Be wary of the upgrade productivity problem
Microsoft’s in trouble. But this time, it’s not Apple or Google directing the shots – it’s the good old Aussie consumer.
Seems the local competition regulator is a bit ticked that boxed copies of Windows 8 are misleading customers. The problem is that Microsoft is only selling the upgrade version of Windows 8 Pro in stores, which means you need to have an existing copy of Windows installed first.
The confusion is understandable – you’d assume you could just buy Windows 8 from a retail store and then install as-is. A small mistake, but nevertheless a pain it doesn’t need right now, despite a modest 40 million sales.
After all, businesses are already pretty confused about Windows 8. They’re not sure what to do with it, or even whether to upgrade or not. Yet the release of the operating system underlines something extremely important: just how closely business owners need to be aligned with their company’s IT needs.
The fact is, choosing to upgrade your office operating systems could be a massive blow to productivity, perhaps even in the long term.
Consider this. If you’re using Windows 7, you know what to expect every day when you get to work and turn your computer on. You know where all your files are, you know the quickest way to get to the programs you want. Years of using the same system has everything down to a fine-tuned series of precision movements.
That might mean having Skype upload straight when you boot up the computer, or having a back-up schedule set for every day at 2pm. Or whatever you use.
Now, imagine you get to work one day and see that your computer system has changed. Maybe you’ve been upgraded to the latest version, or maybe you’ve been switched to a Mac or vice versa. You won’t have any idea what you’re doing.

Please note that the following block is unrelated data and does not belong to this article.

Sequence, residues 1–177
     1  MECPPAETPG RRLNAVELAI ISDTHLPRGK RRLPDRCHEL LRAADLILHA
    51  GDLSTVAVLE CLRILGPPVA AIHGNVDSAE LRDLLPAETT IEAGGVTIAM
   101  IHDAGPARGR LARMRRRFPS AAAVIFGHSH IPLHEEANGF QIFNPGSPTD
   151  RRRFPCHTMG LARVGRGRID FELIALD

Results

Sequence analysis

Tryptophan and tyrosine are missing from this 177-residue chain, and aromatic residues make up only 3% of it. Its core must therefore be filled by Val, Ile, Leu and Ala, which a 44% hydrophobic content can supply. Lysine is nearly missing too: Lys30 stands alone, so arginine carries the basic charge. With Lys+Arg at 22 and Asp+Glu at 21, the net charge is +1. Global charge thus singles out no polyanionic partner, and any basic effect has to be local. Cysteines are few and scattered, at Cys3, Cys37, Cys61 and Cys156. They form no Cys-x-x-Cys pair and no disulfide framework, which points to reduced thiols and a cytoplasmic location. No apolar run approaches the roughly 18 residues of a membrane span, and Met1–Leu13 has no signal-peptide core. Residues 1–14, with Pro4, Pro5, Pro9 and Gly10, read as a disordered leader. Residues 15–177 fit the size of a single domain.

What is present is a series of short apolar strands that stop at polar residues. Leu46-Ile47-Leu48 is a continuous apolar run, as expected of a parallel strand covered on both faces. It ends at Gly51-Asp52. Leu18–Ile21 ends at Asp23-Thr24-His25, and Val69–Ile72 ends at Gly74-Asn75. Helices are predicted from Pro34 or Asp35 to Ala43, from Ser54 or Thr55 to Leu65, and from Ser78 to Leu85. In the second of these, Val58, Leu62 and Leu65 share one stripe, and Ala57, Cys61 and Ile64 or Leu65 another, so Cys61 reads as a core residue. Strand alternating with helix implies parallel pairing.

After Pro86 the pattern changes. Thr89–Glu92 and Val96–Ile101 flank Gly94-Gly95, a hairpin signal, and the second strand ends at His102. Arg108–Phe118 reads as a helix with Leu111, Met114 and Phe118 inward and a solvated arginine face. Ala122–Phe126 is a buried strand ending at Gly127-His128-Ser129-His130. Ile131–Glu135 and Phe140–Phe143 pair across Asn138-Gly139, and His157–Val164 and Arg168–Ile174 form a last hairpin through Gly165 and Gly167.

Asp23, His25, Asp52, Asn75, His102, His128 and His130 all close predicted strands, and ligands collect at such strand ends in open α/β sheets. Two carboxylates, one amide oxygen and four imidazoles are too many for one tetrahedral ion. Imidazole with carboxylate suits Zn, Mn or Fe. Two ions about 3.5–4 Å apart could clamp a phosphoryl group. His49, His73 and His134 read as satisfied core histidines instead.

It seems like a trivial complaint, but the amount of time it takes to get up to speed with those changes really drags on your productivity. In fact, a recent study found that one of the biggest drags on workplace productivity is waiting for technology to catch up with what you’re doing.
Now imagine those productivity problems multiplied across an entire workplace. You may not realise it, but Windows 8 has a significant effect on workplace productivity. The design is completely changed, with the Metro-style opening screen now the default boot-up menu. The desktop is still there, but it’s accessible through an app tile just like everything else. There are new shortcuts, new apps, new everything.
You might dismiss this as something that won’t take long to get used to, but don’t be so quick to assume. While your staff may be full of computer-savvy users, not everyone is as up to speed as you are.
If you’re thinking about upgrading to Windows 8, that’s a fair enough choice. But you need to keep in mind how the differences between the last version of Windows and the newest release will impact your productivity. The worst thing you could do is underestimate it.
In big decisions like this, be in constant contact with your IT manager. Choose carefully how you go about integrating your upgrades – an office-wide change isn’t something you can go back on easily.
You can follow Patrick Stafford on Twitter @pdstafford.